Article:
The Texas Department of State Health Services confirmed the state’s first child death of this flu season last month and local physicians offered advice to help prevent and treat the illness.
“I am now starting to see Flu A and overall flu activity is increasing,” Texas Health Willow Park Emergency Department Director Dr. Erik Ledig said. “The [Centers for Disease Control and Prevention] recommends that everyone six months and older receive the flu vaccine yearly. It is especially important for those with chronic illnesses and high risk of flu complications. This would include adults 65 and older, pregnant women, young children — especially those under two — significant asthma, those with heart disease, history of stroke, diabetes, HIV/AIDS and cancer.”
During the week of Nov. 10-16, Cook Children’s Medical Center tested 529 children for the flu and a total of 74 tested positive for the flu — 63 with Influenza B and 11 with Influenza A — and 152 more were confirmed to have Respiratory Syncytial Virus.
“First and foremost I would advise anyone who has not received their flu vaccine to check with their PCP, the health department or even pharmacies to get the flu shot. It’s not too late to get one because we see flu sometimes through late spring, so it’s not ever too late to get one. Be aware that the elderly population, they get a more potent vaccine so they can develop better immunity. The older you are, the less likely you are to develop an immunity to a vaccine and so that’s why they get the higher dose,” Medical City Weatherford Family Medicine Physician Jessica Williams said. “Infants six months and older can have the flu shot and it’s the same dose that adults get. Used to they would give them a lower dose, but now it’s the same.”
Peak flu season runs from November through February and Ledig said there are several ways to help prevent the spreading of the flu.
“The best way to prevent and reduce flu symptoms is to be vaccinated each year,” Ledig said. “Other ways of prevention include avoiding close contact to those who are sick; staying at home when sick; cover your mouth and nose, use of mask or coughing in elbow; clean hands regularly; avoiding touching your eyes, nose or mouth; disinfecting or cleaning frequently touched surfaces, like work area; getting enough sleep; staying physically active; maintaining a healthy diet; and staying hydrated.”
According to the CDC, about 37 million people had the flu during the 2018-19 season, which resulted in at least 36,000 deaths. Williams said as of Nov. 22 she had seen about 10 flu cases just in her office.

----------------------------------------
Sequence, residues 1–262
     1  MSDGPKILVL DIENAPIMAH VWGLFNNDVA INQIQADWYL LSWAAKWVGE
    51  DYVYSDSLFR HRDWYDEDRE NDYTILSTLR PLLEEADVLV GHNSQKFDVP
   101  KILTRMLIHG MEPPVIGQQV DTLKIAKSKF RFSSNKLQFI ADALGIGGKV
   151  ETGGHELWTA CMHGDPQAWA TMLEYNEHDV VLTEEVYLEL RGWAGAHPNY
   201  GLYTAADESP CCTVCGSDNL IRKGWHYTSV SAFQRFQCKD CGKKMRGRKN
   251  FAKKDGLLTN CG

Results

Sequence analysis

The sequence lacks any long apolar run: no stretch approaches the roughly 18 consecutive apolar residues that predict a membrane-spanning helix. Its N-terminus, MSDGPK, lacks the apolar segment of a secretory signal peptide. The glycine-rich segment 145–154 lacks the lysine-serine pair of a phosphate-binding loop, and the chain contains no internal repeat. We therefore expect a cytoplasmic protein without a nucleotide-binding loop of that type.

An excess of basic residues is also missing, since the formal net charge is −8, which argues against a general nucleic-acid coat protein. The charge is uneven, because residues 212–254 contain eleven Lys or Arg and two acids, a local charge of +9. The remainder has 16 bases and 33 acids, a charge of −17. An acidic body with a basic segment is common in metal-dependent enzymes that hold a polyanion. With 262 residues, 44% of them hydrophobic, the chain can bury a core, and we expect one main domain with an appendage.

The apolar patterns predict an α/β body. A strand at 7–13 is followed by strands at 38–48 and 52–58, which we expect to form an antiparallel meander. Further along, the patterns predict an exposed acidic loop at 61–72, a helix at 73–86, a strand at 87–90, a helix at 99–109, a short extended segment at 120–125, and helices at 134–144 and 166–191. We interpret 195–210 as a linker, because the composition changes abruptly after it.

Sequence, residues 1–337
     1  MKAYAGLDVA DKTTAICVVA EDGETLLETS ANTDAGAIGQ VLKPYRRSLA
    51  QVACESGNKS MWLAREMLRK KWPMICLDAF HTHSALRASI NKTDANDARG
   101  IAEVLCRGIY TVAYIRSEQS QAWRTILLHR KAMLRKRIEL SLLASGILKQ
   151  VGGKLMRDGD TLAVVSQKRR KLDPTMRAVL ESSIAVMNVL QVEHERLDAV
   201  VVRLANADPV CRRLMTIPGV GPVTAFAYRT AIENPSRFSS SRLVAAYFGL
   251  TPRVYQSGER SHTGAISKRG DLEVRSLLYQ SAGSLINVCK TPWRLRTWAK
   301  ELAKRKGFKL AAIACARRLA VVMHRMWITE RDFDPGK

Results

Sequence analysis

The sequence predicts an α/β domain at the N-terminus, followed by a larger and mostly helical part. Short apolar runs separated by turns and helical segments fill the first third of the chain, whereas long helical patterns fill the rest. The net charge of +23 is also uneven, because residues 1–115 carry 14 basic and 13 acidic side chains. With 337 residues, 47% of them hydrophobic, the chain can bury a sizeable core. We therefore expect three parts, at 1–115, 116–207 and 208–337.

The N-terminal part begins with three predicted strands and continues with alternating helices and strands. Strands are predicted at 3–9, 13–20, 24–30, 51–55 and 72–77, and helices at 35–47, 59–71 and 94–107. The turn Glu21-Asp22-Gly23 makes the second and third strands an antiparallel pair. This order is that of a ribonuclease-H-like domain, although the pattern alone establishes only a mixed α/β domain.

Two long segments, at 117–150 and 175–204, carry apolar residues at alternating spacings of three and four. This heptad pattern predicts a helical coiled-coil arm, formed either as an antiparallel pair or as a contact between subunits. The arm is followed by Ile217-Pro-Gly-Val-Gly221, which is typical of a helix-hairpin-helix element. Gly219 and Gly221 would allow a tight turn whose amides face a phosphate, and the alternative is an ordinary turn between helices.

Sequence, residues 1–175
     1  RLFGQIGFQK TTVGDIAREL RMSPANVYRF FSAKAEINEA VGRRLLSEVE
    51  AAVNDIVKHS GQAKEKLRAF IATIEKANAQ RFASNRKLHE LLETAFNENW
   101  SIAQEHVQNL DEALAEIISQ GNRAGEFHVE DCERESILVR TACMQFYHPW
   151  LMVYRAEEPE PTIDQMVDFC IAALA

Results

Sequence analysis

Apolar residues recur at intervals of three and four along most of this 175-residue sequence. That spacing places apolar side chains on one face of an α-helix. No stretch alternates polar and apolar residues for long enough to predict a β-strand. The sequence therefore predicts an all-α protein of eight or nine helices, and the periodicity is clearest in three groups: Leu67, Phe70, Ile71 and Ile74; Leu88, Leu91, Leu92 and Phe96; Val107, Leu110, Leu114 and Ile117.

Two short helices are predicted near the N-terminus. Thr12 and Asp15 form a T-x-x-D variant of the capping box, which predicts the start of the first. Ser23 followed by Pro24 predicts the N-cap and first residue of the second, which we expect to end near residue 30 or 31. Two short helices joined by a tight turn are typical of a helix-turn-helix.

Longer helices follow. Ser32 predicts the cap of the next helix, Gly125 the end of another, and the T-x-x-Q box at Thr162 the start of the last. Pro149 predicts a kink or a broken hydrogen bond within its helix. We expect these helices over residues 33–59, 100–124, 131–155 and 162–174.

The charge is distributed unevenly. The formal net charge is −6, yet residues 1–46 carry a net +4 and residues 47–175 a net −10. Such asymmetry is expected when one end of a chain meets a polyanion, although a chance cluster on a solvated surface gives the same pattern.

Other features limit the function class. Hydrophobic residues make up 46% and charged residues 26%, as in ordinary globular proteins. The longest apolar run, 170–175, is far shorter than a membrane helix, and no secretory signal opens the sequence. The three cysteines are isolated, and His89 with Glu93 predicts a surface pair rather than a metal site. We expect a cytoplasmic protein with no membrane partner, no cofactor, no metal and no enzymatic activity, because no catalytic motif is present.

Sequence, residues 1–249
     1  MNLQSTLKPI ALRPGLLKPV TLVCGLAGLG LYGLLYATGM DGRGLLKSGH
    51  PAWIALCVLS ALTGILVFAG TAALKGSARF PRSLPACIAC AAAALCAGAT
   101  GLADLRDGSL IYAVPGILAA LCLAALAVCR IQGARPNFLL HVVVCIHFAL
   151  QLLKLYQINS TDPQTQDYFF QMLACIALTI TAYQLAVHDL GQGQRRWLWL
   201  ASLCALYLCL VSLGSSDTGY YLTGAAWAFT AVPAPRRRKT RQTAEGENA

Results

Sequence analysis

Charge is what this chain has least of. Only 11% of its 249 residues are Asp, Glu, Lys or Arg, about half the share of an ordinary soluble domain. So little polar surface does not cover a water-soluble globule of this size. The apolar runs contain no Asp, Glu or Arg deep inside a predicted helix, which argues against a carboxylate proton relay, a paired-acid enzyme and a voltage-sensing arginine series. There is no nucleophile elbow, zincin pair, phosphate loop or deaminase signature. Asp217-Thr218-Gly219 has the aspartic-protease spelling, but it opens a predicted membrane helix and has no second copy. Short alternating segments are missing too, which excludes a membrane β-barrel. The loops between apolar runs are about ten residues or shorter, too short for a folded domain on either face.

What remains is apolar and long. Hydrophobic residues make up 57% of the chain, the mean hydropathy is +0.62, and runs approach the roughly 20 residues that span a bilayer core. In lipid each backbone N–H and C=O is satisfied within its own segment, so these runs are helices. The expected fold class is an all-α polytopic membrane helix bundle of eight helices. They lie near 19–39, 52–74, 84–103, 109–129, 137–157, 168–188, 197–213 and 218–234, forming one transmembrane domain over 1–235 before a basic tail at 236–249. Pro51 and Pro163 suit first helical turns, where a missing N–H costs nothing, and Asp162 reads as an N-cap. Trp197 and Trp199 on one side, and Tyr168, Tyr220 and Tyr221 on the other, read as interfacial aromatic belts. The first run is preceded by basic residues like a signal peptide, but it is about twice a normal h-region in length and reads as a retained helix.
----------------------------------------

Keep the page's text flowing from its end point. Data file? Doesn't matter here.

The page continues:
“Stay home if you do have the flu and drink lots of fluids, get rest and try to minimize interaction with babies and elderly people. It’s the holidays and it’s hard to stay away from people, so if you’re sick, wear a mask,” Williams said. “Complications of the flu can include pneumonia, so if your symptoms aren’t improving, definitely check in with your primary care doctor.”
There are two types of vaccines available for the 2019-20 flu season and both protect against four types of the flu.
“The flu vaccine is still the best form of protection we have to fight off getting sick,” Cook Children’s Trophy Club Pediatrician Dr. Justin Smith said. “The vaccine is especially important for children aged six months to 5 years. They are at the highest risk for serious flu-related complications, including death. Even if you do get the flu, people who are vaccinated generally get a milder and less dangerous form of the illness.”
There is also a nasal spray vaccine available, which has been approved for use in people ages 2 through 49, according to the DSHS. However, people who are pregnant or have certain medical conditions, such as asthma, should not receive the nasal spray flu vaccine.
“Most who get the flu will have an illness that does not require medical care and may use over the counter medications to treat symptoms. Most people will recover in less than two weeks,” Ledig said. “There are antivirals that may aid in reducing flu symptoms and are best used if started within 48 hours of flu illness. These can be important for those at high risk of flu complications.”
Normal flu symptoms include fever/chills, fatigue, muscle or body aches, headache, cough, sore throat and stuffy nose.